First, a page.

The keyword price for a paid search campaign is the amount of money an advertiser pays the search engine every time a consumer clicks on their advertisement. This is also known as the cost-per-click (CPC).
As of 2017, the average CPC on the Google Ads (formerly AdWords) search network is $2.32. On the display network, the average CPC is about $0.58. The highest CPCs on the search network are for highly competitive keywords in markets such at the auto insurance industry; these prices soar well above $50 per click. The average small business in the U.S. spends roughly $10,000 on Google Ads per month.
This section will be the longest and most in-depth, so for the sake of simplicity we are going to focus on the search network of Google Ads, the dominant pay-per-click advertising platform.
Basically, it all comes down to an auction. No, we’re not talking about advertising executives crowding into a room and screaming at each other about text ads. We’re talking about an automated auction that takes place every time somebody searches something on Google. If more than one advertiser bids on a keyword relevant to the search query, the auction runs. Through the auction, Google determines which ads show, where those ads show, and how much those advertisers pay for each click.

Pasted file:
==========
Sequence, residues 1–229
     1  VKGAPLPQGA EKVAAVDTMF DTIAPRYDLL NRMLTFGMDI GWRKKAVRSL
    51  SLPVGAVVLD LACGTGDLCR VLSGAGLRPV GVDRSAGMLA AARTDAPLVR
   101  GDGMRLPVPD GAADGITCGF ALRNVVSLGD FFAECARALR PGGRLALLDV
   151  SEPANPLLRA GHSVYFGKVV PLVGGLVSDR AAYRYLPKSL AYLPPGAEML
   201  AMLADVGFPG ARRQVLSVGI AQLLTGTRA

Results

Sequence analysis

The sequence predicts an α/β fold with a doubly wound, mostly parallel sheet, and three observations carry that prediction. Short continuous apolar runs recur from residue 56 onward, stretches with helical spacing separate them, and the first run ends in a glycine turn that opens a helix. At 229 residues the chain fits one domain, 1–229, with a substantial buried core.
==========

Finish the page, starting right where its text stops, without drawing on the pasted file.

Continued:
Prior to the auction, each advertiser selects the keywords it wants to bid on and enters a maximum CPC they are willing to pay. When a search query is made, Google selects the most relevant keyword from each advertiser’s account and takes note of the maximum bid. This maximum CPC bid is one of two key factors behind search ad rank. The other? Quality Score.
Quality Score is a metric that determines how relevant and helpful your ad is to the searcher, and it depends on several factors. The higher your click-through rate (CTR), the higher your Quality Score. The more user-friendly (well-designed, quick to load) your landing page, the higher your Quality Score. The advertiser whose maximum bid and Quality Score multiply to the largest amount gets the #1 spot on the SERP.
Now, we can talk about CPC. The equation is pretty simple, believe it or not. Divide the ad rank (maximum bid x Quality Score) of the advertiser below you by your Quality Score. Then, add a penny. As you can see, the advertiser with the highest Quality Score is rewarded with the lowest CPC. Pretty cool, huh?
So, what does that mean for you? If you want to minimize your CPC, you need to zero in on Quality Score. Boost your CTR by creating killer headlines that offer the searcher the solution they’re looking for. Mix some positive emotion into your ad copy for even better results. Make sure the messaging of your text ads carry over to your landing pages to create a seamless, cohesive experience for the consumer. Then, use the landing page to offer something truly great that the consumer can’t get anywhere else. Think bigger than discounts and free trials. Give them a substantial preview of what lay ahead if they convert. On top of that, the speed of your site is essential. If you keep prospects waiting after they click, you can expect your rankings to tank.
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